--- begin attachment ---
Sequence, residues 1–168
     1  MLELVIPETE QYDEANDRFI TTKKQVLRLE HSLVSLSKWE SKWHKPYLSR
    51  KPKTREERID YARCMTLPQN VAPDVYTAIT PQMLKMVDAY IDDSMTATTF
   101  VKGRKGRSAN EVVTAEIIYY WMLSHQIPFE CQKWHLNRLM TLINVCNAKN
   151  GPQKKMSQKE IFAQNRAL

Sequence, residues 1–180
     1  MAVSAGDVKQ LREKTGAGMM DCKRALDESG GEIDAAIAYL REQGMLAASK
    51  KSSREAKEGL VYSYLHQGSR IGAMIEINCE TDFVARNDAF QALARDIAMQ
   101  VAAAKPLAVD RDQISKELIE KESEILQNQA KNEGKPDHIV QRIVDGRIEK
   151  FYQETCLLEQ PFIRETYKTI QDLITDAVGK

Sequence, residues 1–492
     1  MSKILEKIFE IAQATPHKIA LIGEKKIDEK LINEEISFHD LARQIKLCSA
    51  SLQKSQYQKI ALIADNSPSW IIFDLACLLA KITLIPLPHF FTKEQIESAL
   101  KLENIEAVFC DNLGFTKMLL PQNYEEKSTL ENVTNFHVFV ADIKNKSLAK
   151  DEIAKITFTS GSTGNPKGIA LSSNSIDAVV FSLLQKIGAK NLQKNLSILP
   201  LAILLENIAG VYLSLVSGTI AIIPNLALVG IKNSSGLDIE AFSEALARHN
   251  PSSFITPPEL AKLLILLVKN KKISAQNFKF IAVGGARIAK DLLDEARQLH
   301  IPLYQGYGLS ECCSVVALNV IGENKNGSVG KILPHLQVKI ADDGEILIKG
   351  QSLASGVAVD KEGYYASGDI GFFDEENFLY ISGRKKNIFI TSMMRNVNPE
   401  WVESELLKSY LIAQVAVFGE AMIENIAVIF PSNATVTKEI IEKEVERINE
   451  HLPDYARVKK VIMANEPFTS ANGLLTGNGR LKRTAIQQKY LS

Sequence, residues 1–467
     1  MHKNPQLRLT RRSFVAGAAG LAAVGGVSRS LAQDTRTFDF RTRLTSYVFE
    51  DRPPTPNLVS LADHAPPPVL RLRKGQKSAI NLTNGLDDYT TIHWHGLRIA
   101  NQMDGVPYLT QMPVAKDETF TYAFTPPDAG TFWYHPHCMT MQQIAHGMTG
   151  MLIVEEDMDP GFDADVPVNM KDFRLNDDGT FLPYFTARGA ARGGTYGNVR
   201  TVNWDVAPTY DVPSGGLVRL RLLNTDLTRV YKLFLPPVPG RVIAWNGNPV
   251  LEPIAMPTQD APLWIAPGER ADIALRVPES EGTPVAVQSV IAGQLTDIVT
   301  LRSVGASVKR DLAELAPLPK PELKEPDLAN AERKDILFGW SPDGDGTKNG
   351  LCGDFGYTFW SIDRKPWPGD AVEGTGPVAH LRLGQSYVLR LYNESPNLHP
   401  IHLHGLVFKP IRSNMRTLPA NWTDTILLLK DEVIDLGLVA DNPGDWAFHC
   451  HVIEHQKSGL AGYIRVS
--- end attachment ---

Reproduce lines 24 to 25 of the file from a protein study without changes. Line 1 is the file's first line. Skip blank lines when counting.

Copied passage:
    51  DRPPTPNLVS LADHAPPPVL RLRKGQKSAI NLTNGLDDYT TIHWHGLRIA
   101  NQMDGVPYLT QMPVAKDETF TYAFTPPDAG TFWYHPHCMT MQQIAHGMTG